It is important not to confuse cash balances with profit. Profit is the difference between the total amount your business earns and all of its costs, usually assessed over a year or other trading period. You may be able to forecast a good profit for the year, yet still face times when you are strapped for cash.

The importance of cash

To make a profit, most businesses have to produce and deliver goods or services to their customers before being paid. Unfortunately, no matter how profitable the contract, if you don't have enough money to pay your staff and suppliers before receiving payment, you'll be unable to deliver your side of the bargain or receive any profit.

To trade effectively and be able to grow your business, you need to build up cash balances by ensuring that the timing of cash movements puts you in an overall positive cashflow situation.

Bear in mind, however, that having a lot of cash in your bank does not necessarily make good business sense. If you do not need to use it immediately, put spare cash in an account where it will earn high interest, or invest it in short-term investments. Get advice from your bank, accountant or financial adviser.

Cash inflows and cash outflows

Ideally, during the business cycle, you will have more money flowing in than flowing out. This will allow you to build up cash balances with which to plug cashflow gaps, seek expansion and reassure lenders and investors about the health of your business.

You should note that income and expenditure cashflows rarely occur together, with inflows often lagging behind. Your aim must be to speed up the inflows and slow down the outflows.

Cash inflows

  • payment for goods or services from your customers
  • receipt of a bank loan
  • interest on savings and investments
  • shareholder investments
  • increased bank overdrafts or loans 

Cash outflows

  • purchase of stock, raw materials or tools
  • wages, rents and daily operating expenses
  • purchase of fixed assets - PCs, machinery, office furniture, etc
  • loan repayments
  • dividend payments
  • income tax, corporation tax, VAT and other taxes
  • reduced overdraft facilities

Many of your regular cash outflows, such as salaries, loan repayments and tax, have to be made on fixed dates. You must always be in a position to meet these payments, to avoid large fines or a disgruntled workforce.

To improve everyday cashflow you can:

You can also improve cashflow by increasing borrowing, or putting more money into the business. This is acceptable for coping with short-term downturns or to fund growth in line with your business plan, but shouldn't form the basis of your cash strategy.

The principles of cashflow forecasting

Cashflow forecasting enables you to predict peaks and troughs in your cash balance. It helps you to plan borrowing and tells you how much surplus cash you're likely to have at a given time. Many banks require forecasts before considering a loan.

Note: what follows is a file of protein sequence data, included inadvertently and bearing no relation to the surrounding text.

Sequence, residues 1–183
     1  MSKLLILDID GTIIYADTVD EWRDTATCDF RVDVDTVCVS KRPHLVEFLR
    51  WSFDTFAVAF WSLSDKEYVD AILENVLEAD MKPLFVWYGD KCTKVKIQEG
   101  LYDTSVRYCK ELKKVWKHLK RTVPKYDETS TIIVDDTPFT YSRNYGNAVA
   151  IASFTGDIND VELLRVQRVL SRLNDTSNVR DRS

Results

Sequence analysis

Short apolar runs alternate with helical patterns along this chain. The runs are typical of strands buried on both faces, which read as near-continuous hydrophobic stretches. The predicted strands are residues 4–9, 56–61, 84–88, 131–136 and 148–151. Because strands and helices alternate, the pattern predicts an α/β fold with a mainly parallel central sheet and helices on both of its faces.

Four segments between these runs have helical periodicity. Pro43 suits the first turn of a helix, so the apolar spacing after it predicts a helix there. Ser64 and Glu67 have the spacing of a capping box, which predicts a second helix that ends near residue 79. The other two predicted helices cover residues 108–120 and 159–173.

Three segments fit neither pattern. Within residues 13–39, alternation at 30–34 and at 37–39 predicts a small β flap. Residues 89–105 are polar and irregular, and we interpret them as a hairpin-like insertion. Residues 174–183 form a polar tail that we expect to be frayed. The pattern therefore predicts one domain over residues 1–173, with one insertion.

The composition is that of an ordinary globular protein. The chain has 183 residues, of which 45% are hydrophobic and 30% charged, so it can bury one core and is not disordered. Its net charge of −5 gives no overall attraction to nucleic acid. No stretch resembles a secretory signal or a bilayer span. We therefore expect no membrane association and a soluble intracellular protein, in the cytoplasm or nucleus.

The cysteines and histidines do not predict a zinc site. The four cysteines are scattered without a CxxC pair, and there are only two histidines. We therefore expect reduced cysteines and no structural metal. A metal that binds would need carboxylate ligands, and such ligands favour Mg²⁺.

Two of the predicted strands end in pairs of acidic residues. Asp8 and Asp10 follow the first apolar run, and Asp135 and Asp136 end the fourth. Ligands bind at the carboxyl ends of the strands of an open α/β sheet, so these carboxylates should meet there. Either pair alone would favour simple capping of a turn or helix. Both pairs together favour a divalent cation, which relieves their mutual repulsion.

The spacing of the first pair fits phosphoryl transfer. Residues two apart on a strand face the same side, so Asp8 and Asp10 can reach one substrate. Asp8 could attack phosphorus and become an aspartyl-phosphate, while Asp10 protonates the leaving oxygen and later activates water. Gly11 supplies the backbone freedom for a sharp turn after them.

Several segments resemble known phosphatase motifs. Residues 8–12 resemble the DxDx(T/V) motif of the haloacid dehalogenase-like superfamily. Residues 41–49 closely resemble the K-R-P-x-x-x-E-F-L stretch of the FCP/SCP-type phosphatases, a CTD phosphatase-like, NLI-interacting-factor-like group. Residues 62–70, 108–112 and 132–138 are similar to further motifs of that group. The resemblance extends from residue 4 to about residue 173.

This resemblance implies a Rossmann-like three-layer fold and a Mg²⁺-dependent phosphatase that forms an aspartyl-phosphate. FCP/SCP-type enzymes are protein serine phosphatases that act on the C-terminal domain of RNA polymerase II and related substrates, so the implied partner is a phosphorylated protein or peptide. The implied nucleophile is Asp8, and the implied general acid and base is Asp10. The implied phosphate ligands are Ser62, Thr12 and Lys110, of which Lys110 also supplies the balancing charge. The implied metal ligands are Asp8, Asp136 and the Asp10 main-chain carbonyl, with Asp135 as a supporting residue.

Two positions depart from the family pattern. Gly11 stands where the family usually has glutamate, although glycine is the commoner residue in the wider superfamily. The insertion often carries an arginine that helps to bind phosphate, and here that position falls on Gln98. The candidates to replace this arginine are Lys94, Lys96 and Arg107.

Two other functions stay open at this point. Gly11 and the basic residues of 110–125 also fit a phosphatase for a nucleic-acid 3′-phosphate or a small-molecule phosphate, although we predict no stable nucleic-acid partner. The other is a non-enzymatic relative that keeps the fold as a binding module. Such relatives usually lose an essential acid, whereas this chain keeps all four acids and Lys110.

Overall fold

Elements of a cashflow forecast

The cashflow forecast identifies the sources and amounts of cash coming into your business and the destinations and amounts of cash going out over a given period. There are normally two columns listing forecast and actual amounts respectively.
 
The forecast is usually done for a year or quarter in advance and divided into weeks or months. In extremely difficult cashflow situations a daily cashflow forecast might be helpful. It is best to pick periods during which most of your fixed costs - such as salaries - go out. The forecast lists:

  • receipts
  • payments
  • excess of receipts over payments - with negative figures shown in brackets
  • opening bank balance
  • closing bank balance

It is important to base initial sales forecasts on realistic estimates - see our guide on how to forecast and plan your sales. If you have an established business, an acceptable method is to combine sales revenues for the same period 12 months earlier with predicted growth.

Download our sample cashflow projection spreadsheet (XLS).

Note that all forecast figures must relate to sums that are due to be collected and paid out, not invoices actually sent and received. The forecast is a live entity. It will need adjusting in line with long-term changes to actual performance or market trends.

Accounting software

Accounting software will help you prepare your cashflow forecast, allowing you to update your projections if there's a change in market trends or your business fortunes. Planning for seasonal peaks and troughs is simplified and you can also make "what if" calculations. Most banks require profit and balance sheet forecasts as well as cashflow. Many accounting packages will assist with preparing these documents. See our guide on accounting software.